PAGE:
Ashura says she joined politics with the sole aim of challenging the negative stereotypes about women and persons living with disabilities (PWDs).
“Persons with disability cannot afford to sit back and wait to be given leftovers; we must sit at the decision-making table. For this reason, I believed running for a senatorial seat would give me the impetus to speak on behalf of women and persons with disabilities, especially the deaf.”
She expresses concern that 22 county assemblies have no PWD representatives.
“Out of the 47 counties, only the United Democratic Alliance party has nominated deaf persons – one in Kirinyaga and another in Bomet. Deaf people can serve diligently. For instance, former United States President Barack Obama had two deaf people who served in the White House: Leah Katz, a receptionist, and Claudia Gordon as director at the White House Office of Public Engagement,” she says.
“Article 54 of the Constitution states that the state shall ensure the progressive implementation of the principle that at least five per cent of members of the public in elective and appointive bodies are persons with disabilities.”
Ashura has a diploma in law from the defunct Inoorero University and is currently pursuing a Bachelor of Laws at the University of Nairobi.
“As a country, we have not put any efforts towards the implementation of our Constitution, which is the beautiful thing for the prosperity of our nation. I hope my candidature has inspired more persons with disabilities, especially young women of my age.”
Ashura has also undertaken short courses in women Agribusiness Entrepreneurship and Innovation, and Civil Leadership from Michigan State University in 2019 and the University of Illinois Urbana-Champaign in 2016, respectively. She has served in various leadership positions, including formerly serving as the Speaker of the East African Youth Legislative Assembly. She is the founder and director of Free a Girl’s World Network, an organisation that aims to empower the girl child socially and economically.
She also has served as co-chair of the Youth Council of Unicef’s Global Partnership on Children with Disabilities; chair of the African Charter on Democracy, Election and Governance Kenya Chapter; secretary general for the Kenya National Association of the Deaf Youth Section; and gender and inclusion officer at Peace Ambassador Integration Organisation, among other positions.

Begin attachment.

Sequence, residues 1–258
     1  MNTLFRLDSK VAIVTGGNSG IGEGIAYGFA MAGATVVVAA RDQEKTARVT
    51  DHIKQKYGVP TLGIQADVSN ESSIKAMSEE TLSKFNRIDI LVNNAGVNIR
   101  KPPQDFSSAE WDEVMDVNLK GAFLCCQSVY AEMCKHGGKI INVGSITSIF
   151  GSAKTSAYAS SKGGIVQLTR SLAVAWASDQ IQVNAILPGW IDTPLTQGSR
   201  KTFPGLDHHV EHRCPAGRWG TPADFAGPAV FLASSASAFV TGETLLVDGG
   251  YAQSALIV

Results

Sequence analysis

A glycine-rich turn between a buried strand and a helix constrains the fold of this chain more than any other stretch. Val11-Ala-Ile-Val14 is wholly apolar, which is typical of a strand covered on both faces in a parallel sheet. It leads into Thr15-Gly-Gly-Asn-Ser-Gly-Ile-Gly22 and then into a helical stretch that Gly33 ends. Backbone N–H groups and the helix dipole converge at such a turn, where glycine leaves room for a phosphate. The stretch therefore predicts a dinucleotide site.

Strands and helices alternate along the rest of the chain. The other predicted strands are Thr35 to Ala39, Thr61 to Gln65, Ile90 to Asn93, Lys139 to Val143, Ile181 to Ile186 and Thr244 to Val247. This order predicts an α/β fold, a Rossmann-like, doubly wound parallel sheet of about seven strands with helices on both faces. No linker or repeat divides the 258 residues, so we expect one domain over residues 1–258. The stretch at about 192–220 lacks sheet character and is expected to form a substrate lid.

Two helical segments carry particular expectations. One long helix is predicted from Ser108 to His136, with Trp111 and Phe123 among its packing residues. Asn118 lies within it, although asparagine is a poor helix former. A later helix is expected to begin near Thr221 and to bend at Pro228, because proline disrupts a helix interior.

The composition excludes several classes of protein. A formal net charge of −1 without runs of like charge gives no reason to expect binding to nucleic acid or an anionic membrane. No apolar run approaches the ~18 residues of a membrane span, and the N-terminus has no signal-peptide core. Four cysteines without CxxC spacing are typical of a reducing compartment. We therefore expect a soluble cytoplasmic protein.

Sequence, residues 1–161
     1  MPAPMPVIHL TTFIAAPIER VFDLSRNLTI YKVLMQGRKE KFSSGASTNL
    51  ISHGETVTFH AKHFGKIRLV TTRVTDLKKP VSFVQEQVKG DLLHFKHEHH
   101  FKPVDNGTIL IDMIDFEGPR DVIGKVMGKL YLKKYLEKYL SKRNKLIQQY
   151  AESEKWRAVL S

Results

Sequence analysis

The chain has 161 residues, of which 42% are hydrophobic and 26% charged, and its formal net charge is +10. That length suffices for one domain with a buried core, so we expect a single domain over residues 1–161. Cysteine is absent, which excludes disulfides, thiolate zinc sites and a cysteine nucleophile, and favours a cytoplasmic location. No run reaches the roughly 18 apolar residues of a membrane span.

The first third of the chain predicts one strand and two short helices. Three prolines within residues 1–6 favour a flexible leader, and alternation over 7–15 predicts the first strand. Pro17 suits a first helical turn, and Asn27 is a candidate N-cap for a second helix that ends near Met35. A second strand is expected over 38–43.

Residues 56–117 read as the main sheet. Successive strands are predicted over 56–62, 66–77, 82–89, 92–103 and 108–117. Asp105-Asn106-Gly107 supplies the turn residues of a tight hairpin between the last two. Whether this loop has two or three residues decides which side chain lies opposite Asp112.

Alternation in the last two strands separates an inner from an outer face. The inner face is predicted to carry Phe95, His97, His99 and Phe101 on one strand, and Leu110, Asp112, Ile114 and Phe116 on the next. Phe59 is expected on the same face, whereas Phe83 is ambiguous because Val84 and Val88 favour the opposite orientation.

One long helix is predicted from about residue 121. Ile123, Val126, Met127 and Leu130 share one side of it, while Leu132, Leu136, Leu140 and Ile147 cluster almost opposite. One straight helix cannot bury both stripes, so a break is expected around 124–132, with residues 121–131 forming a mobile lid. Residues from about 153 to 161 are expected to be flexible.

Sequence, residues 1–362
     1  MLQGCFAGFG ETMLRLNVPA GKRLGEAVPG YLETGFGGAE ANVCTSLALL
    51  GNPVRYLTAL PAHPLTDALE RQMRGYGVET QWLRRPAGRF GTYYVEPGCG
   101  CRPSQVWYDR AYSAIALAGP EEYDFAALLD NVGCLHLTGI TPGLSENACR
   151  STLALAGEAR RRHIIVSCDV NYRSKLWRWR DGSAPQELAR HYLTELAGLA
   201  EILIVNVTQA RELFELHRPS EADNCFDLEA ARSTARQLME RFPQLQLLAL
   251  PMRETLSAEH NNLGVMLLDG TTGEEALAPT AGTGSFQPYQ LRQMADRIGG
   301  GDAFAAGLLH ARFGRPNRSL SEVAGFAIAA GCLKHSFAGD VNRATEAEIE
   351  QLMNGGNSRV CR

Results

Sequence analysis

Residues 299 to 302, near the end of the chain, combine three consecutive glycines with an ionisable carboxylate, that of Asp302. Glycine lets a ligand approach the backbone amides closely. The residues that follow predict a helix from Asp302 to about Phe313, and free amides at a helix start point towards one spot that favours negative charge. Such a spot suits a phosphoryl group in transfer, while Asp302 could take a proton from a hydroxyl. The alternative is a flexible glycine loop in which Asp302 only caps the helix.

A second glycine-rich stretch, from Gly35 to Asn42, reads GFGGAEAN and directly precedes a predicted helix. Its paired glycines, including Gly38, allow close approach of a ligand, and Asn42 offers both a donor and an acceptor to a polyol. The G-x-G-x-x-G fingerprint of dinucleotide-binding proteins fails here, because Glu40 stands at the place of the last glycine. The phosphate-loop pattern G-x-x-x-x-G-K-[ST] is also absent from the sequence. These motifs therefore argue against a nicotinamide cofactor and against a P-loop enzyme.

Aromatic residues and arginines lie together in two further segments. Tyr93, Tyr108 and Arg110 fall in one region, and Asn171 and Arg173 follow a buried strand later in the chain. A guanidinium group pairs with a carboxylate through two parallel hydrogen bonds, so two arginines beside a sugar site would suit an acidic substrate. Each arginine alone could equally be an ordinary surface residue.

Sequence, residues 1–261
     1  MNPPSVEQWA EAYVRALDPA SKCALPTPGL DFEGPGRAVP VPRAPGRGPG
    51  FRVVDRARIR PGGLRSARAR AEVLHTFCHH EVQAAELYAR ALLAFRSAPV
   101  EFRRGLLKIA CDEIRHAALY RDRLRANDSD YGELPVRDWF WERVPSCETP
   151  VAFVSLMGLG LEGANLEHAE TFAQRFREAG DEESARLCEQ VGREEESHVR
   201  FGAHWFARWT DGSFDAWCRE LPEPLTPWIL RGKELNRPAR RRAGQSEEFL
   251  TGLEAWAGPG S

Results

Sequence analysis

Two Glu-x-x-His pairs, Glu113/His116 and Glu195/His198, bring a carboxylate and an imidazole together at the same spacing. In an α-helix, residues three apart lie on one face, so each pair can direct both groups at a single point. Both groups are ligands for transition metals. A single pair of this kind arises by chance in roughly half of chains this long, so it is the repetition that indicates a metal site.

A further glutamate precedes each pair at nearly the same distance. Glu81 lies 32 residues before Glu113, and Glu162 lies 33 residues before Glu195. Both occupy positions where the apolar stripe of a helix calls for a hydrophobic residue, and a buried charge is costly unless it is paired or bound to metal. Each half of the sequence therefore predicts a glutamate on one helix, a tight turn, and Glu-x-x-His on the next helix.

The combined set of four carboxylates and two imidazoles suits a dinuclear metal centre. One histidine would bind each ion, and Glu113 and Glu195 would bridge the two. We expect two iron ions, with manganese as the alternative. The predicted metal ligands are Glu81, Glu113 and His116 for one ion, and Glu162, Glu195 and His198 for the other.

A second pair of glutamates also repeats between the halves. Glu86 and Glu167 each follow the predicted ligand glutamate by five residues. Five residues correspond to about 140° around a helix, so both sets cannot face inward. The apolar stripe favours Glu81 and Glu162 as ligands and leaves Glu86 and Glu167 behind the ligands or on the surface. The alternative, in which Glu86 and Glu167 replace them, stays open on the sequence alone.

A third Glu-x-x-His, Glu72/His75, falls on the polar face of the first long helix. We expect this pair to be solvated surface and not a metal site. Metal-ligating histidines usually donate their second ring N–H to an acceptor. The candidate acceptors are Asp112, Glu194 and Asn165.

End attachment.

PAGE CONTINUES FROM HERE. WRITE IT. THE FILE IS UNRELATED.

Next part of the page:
Ashura has won several humanitarian and leadership awards. In 2019, she was named the most Influential Young Kenyan under the Leadership and Governance category.
In 2020, she was one of the top 15 Kenyan Women blazing a trail of the corporate suite 2020 (Law and Policy) and the Dedicated Deaf Youth 2020 by the World Federation of the Deaf Youth.
In 2021, she was named one of the top 10 Kenya’s under 30 women shaping our future, Youth Hero and published by Friedrich Naumann foundation on the Female Forward and National Gender Equality Commission award on Exemplary Service in promoting equality and inclusion of special interest groups in 2021.
Ashura has also won Diversity & Inclusion Award, Nairobi (2019), African Deaf Woman of the Year award (2018) and Pan African Humanitarian Award (2017).
She advises women and PWDs to keep their heads up, continue with their dreams to bring a change, and use other platforms besides politics to shape the world. “This quote from Mother Teresa: ‘I alone cannot change the world, but I can cast a stone across the water to create many ripples,’ keeps me inspired,” she says.